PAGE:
Child Care Checklist

Choosing child care for your child is a very important and sometimes difficult decision. As a parent, you want to ensure that your child is safe and happy in a child care environment that is fun, educational, and nurturing. Read on to learn how to go about making such an important decision.

LOOK

Start by going to see several child care homes or centers. Your child’s early development depends upon how good the caregiver is that you choose. Think about your first impression after each visit. Ask yourself:

  • Does the place look safe for your child?
  • Do the caregivers/teachers that will take care of your child seem to enjoy talking and playing with the children?
  • Do they kneel down to talk with each child at the child’s eye level?
  • Are there enough toys and learning materials within a child’s reach?
  • You should always visit a home or center more than once. Stay as long as you can to get a good feel for what the care will be like for your child. Even after you start using the child care, continue to visit from time to time.  Providers should have a open door policy in place.

LISTEN

What does the child care setting sound like?

  • Do the children sound happy and involved with other children, teachers and caregivers?
  • Do the teachers’ voices sound cheerful and patient?
  • A place that is too quiet may mean there is not enough activity. On the other hand, a place that is too noisy may mean the teachers are not in control.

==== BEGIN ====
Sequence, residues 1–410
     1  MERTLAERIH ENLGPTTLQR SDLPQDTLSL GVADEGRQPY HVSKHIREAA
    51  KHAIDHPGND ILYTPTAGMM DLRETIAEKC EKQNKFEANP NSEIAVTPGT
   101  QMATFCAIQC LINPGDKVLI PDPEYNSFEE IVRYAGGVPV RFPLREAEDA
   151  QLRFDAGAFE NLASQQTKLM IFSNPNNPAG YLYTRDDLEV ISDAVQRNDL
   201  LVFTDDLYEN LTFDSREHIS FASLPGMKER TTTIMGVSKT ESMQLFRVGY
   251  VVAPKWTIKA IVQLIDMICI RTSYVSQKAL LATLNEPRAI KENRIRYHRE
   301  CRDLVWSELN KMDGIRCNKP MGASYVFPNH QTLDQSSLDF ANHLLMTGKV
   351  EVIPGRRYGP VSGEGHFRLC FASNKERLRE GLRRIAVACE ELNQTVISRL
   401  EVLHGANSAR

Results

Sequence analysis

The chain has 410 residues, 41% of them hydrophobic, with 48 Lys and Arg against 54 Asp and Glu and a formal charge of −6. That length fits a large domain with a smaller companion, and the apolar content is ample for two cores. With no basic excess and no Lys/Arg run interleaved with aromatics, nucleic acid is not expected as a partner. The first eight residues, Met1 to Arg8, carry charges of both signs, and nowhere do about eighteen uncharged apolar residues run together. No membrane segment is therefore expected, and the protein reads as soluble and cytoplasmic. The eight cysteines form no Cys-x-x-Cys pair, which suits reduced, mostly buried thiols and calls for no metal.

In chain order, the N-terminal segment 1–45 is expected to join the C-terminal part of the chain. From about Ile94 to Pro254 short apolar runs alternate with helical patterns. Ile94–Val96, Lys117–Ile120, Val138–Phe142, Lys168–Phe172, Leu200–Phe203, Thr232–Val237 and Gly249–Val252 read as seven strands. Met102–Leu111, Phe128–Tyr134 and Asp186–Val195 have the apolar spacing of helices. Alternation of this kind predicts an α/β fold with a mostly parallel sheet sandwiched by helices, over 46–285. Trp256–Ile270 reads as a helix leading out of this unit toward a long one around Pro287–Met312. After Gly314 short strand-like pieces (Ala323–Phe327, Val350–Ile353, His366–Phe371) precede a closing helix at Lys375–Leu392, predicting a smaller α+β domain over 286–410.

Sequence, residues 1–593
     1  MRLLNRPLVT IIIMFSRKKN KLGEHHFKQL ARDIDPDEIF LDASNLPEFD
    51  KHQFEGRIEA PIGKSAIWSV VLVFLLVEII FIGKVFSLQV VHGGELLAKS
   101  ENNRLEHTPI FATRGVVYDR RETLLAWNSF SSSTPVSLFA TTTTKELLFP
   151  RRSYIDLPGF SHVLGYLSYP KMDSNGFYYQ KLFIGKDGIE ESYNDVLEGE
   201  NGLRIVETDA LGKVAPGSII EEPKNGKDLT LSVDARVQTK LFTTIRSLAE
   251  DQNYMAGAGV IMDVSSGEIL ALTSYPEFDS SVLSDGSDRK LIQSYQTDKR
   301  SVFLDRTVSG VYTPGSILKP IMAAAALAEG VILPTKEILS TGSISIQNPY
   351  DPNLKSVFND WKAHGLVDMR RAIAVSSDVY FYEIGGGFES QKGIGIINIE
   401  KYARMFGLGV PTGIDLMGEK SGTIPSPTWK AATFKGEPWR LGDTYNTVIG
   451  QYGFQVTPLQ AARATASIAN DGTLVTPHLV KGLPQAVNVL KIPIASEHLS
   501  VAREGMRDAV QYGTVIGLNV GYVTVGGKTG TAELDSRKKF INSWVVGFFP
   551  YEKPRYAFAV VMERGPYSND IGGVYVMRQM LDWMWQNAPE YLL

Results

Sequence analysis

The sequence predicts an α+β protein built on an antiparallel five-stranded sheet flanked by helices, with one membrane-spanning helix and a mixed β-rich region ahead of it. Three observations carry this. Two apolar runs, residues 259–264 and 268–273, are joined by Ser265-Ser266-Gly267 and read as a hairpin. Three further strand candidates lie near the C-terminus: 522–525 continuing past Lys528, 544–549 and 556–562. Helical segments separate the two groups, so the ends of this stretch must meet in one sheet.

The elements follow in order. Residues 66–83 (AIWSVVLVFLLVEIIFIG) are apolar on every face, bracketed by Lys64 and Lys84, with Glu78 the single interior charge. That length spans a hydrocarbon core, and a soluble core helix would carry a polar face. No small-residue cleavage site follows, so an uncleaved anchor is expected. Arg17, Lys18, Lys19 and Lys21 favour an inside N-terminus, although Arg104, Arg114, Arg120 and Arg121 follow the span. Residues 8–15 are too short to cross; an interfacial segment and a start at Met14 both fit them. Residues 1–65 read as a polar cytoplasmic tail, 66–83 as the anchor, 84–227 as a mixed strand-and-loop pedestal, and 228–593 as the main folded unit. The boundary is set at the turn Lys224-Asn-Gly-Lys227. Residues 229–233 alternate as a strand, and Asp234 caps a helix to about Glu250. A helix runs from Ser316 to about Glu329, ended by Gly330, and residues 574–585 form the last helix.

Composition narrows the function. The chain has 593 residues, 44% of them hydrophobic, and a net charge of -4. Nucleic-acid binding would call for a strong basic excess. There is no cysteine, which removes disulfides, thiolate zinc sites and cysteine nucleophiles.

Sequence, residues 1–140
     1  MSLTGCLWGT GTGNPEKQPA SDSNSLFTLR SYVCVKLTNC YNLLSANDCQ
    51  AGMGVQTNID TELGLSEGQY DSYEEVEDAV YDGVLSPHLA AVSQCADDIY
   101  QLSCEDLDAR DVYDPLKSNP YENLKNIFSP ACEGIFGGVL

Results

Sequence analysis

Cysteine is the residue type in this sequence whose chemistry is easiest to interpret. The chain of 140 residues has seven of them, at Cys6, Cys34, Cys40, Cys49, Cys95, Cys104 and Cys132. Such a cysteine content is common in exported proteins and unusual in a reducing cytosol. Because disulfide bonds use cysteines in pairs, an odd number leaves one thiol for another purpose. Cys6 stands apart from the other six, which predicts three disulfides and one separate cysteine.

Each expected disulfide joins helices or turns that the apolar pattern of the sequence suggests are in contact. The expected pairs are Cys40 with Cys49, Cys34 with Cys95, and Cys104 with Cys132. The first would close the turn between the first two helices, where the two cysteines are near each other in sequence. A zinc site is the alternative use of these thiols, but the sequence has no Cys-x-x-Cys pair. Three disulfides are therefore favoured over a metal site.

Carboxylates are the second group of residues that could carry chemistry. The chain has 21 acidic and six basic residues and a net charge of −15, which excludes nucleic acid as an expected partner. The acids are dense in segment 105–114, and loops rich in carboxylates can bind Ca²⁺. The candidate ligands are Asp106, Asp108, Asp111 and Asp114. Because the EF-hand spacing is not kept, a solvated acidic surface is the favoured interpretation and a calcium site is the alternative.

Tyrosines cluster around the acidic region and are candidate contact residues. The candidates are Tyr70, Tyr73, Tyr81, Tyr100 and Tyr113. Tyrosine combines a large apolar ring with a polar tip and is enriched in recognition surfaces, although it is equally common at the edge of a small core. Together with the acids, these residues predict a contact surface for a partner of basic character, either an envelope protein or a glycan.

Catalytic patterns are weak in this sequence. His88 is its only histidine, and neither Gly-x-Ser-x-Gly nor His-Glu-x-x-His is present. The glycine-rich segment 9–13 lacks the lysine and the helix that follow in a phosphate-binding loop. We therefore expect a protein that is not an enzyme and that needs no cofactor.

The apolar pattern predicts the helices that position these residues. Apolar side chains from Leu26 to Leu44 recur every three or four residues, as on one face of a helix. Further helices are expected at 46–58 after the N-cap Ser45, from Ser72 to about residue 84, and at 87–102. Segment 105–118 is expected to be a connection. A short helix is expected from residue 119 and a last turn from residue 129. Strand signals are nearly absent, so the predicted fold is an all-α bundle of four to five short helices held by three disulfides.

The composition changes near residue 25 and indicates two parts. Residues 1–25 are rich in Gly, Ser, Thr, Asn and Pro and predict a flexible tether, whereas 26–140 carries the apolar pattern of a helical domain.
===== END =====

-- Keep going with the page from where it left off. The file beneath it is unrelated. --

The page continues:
COUNT

Count how many children are in the group. Then count how many staff members are caring for them. The fewer children there are for each adult, the more attention your child will get. A small number of children per adult is very important for babies and younger children.

Staff-to-children ratio requirements for child day centers

Birth to the age of 16 months

16 months to 2 years

2 years

3 to 5 years

5 to 9 years

10 to 12 years

1:4

1:5

1:8

1:10

1:18

1:20

Family child care providers shall ensure that a caregiver does not exceed 16 points by using the following point system to determine if an additional caregiver is needed:

Birth to the age of 15 months

16 to 23 months

2  to 4 years

5 to 9 years

10 and older

4 points

3 points

2 points

1 point

0 points

ASK

It’s very important that the adults who take care of your children know how to give them the attention they need.

  • Is child care staff trained to give medications or the parent responsible for giving all medications?
  • Are the medications labeled to make sure the right child gets the right amount of the right medication at the right time?
  • Ask what experience staff has and about their backgrounds.
  • Ask about the program director, owner, volunteers and any other adults that will have contact with your child in the home or center.
  • Ask about any special training staff may have completed.
  • Is the program accredited?  “Accreditation” is another way to judge the quality of a child care program.  Family child care homes and child care centers can choose to get accredited by a child care accrediting organization. But, they have to meet higher standards than licensing rules.  Any child care program can get accredited. Child care centers, family child care homes, and after school programs all have different organizations that conduct the accreditation process.

BE INFORMED

  • Be sure to understand anything you sign and get a copy. Written agreements help parents and caregivers know what is expected of each.
  • Good care providers and teachers will be happy to answer your questions.
  • Contact Licensing to ask about the history of the child care provider regarding licensing visits you can view inspection records online.
  • Report any suspicious behaviors or concerns you have about a child care provider to Licensing (800) 543-7545.

 

Choosing Care for Infants and Toddlers

Choosing care for Preschoolers

Choosing care for School-agers

Choosing care for a child with special needs

What To Do When There Isn’t Enough Childcare

Summary of Child Care in VA